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Mandatory TLS == OpenSSL everywhere? !?!

From: Adrien de Croy <adrien@qbik.com>
Date: Thu, 14 Nov 2013 21:35:00 +0000
To: "HTTP Working Group" <ietf-http-wg@w3.org>
Message-Id: <embf801bc3-8713-44a2-85a4-c93955790de1@bodybag>
Hi all

one of the things that has been troubling me about the mandatory TLS 
discussion, that I don't recall having seen discussed here is the issue 
of the implicit assumption that it's free or low-cost to include TLS 
into a product due to the availability of open source implementations.

I think that assumption needs looking into a bit further.

I'm going to go out on a limb here, and speculate, that if TLS were to 
become mandatory in HTTP/2 that the vast majority of implementers would 
choose OpenSSL for the TLS implementation.

That immediately raises a number of issues.

1. Homogeneity and therefore susceptibility to exploits having 
effectively global reach.
2. Maintainability of the source

A related issue is the complexity argument which I also haven't seen put 

TLS is complex.  The crypto is complex.  Implementations of TLS with the 
cipher suites contain at least many hundreds of thousands of lines of 
code.  Most of it fairly impenetrable from what I've seen sorry to say.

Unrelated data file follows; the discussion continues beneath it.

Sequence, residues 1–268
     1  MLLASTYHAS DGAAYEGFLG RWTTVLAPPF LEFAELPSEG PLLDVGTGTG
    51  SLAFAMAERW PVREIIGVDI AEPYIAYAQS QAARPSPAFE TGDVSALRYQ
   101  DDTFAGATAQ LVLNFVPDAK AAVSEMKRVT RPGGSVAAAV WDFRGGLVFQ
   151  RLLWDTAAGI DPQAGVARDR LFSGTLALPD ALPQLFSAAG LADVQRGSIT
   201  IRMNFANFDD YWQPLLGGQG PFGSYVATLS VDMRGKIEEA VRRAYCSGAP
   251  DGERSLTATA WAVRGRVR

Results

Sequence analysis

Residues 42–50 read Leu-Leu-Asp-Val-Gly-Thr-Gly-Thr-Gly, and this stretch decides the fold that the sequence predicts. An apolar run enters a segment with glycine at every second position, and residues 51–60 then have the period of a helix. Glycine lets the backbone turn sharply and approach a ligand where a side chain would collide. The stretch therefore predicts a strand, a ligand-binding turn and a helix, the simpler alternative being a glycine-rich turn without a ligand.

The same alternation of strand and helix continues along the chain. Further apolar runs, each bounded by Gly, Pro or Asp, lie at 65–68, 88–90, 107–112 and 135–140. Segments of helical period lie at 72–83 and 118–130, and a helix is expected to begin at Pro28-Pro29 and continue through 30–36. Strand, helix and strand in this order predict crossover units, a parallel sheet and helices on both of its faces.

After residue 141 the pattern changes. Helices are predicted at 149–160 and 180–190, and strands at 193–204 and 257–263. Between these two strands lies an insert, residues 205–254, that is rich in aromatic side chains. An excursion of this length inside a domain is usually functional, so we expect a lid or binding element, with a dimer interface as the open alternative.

Compared with an implementation of an HTTP stack, a TLS implementation 
completely dwarfs it for complexity and amount of code.   Since these 
things are not maintained by infallible aliens but us mere mortals, 
there will be bugs.

OpenSSL in my experience has had many troubles with vulnerabilities and 
stability.  And it's an enormous undertaking for someone to fathom the 
code to attempt any maintenance on it at all.

Does this mean, that if we made TLS mandatory, that effectively we would 
be placing the security of the web in the hands of the OpenSSL 
contributors.  I think it effectively does.

This is an EXTREMELY disturbing thought.   The security of the systems 
associated with maintenance and deployment of OpenSSL are not at a 
sufficient level to warrant this level of global reliance.  My own 
experience with OpenSSL has not been without serious problems, and in 
fact we've looked to ditch it many times and may still do.

I don't think it is realistic to expect that http agent (server or 
client) developers will put much effort at all into maintenance of the 
TLS library.  So maintenance will remain the domain of the few 

Too many eggs in too few baskets.

Received on Thursday, 14 November 2013 21:34:58 UTC

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